Scripture cannot be set aside…
Reflection: Setting Aside the Scriptures
By John Tillman
The Greek word translated “set aside,” (lyō) carries an implication beyond not ignoring the parts of the Bible we don’t like. It refers to unbinding or untying things bound together for a purpose. This would include untying the thongs of sandals (as used by John the Baptist), loosening bandages (as used by Jesus regarding Lazarus) or even the bonds of marriage (as referenced by Paul). It also applies metaphorically to dissolving any kind of union or agreement, declaring something unlawful, dissolving the authority of someone or something, or destruction by breaking apart into pieces, a meaning Jesus used referring to the destruction of the temple.
The negative, that Scripture cannot be “untied,” implies the positive, that Scripture is tied together for a purpose. The reason that we cannot set aside the Scriptures that we don’t like, is that Scripture must be considered holistically. Each part is bound up with the others for a purpose.
Considering all of Scripture together without breaking it apart requires patience and a deep familiarity with Scripture. The religious leaders were setting aside scriptures that were inconvenient or required sacrifice on their part. We do this as well, however modern Christians are “setting aside” the Scripture in a different way—by not reading it.
This is one of the reasons we desire to encourage daily Bible reading. Any increase of Bible reading is a benefit and blessing for the reader, but following a plan such as ours, that covers the entire Bible at a sustainable pace is helpful for our need to interpret the Bible together as one piece.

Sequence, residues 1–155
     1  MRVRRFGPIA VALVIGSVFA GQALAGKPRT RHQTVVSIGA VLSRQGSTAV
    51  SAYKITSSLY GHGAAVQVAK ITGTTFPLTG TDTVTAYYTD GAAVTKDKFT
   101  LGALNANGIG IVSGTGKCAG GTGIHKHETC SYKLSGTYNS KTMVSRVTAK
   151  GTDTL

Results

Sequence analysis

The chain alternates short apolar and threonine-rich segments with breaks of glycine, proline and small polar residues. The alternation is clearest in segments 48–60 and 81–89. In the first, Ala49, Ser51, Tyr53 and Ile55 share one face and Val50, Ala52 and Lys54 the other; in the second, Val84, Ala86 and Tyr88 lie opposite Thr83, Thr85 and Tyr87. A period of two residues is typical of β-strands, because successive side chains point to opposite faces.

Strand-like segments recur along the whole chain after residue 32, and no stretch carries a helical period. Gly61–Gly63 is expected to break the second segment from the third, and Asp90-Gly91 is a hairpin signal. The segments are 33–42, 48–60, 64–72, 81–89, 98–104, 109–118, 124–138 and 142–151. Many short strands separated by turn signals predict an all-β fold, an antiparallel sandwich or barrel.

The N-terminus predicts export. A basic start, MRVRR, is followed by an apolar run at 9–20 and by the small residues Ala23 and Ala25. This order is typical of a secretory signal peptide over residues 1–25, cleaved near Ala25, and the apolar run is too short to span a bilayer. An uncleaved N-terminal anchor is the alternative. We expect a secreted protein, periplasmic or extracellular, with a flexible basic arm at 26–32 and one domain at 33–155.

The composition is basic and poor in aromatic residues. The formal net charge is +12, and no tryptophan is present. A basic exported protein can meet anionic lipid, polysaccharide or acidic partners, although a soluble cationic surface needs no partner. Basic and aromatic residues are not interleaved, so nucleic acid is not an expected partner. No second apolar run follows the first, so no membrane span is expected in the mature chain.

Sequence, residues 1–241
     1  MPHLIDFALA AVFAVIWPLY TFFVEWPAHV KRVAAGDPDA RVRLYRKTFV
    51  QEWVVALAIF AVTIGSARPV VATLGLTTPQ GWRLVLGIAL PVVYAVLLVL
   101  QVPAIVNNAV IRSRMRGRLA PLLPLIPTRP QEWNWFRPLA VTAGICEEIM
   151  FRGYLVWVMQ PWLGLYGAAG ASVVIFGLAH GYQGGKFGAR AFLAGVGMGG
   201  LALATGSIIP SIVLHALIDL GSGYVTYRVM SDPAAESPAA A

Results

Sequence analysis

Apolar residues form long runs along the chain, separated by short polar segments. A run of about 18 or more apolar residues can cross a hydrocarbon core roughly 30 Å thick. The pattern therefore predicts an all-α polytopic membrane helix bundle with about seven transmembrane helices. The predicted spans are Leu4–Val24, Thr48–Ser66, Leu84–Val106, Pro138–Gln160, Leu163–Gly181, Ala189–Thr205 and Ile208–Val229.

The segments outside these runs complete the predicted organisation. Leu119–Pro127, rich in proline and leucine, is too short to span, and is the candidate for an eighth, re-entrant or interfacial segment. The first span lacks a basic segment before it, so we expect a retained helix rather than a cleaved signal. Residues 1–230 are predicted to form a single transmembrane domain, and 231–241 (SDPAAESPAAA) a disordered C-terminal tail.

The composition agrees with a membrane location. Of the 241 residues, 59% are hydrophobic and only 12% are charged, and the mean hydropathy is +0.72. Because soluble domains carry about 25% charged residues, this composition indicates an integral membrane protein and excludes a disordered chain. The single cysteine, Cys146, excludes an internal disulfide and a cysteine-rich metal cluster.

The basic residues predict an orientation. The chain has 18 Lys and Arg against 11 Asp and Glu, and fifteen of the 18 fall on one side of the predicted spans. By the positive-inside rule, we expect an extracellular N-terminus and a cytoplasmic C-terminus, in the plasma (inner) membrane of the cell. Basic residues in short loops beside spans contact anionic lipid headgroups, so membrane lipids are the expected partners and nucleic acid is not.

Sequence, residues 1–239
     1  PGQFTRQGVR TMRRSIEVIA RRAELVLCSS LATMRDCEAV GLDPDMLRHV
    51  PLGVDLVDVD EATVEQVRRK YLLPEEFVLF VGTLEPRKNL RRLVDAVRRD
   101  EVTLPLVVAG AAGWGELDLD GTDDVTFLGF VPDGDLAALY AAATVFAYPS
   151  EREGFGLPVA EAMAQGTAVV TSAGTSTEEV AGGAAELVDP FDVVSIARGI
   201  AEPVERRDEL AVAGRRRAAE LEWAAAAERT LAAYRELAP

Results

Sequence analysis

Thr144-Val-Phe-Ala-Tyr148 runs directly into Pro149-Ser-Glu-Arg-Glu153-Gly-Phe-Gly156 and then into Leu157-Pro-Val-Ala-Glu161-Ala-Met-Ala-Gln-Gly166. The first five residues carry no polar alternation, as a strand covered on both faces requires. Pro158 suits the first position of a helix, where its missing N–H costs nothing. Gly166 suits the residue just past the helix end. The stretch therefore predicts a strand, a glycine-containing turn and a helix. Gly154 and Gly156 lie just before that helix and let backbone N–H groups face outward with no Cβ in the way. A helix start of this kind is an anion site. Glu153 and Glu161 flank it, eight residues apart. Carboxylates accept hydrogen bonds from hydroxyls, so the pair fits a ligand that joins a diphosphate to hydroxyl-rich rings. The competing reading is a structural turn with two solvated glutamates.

Jesus once chastised the Sadducees, saying ““You are in error because you do not know the Scriptures or the power of God…” Are we in the same danger?
All devout Jews of that time discussed theology and spirituality based on a common, widespread knowledge of Scripture, and many would have large sections of the Pentateuch memorized. How well do we know the Scriptures?
Whether teaching his disciples, the crowds, or debating opponents, Jesus relied on his audiences’ deep familiarity with the Scriptures. Could Jesus do the same with us?
Are we literate enough regarding Scripture to engage Jesus in a conversation about important theological concepts? Whatever your level of Bible literacy, ask the Holy Spirit to walk with you, as Jesus did with the Emmaus couple. Read as you walk and the Holy Spirit will help you understand the Scriptures.
Prayer: The Refrain for the Morning Lessons
With my whole heart I seek you; let me not stray from your commandments. — Psalm 119.10
Exodus 31 (Listen – 2:32)
John 10 (Listen – 4:44)
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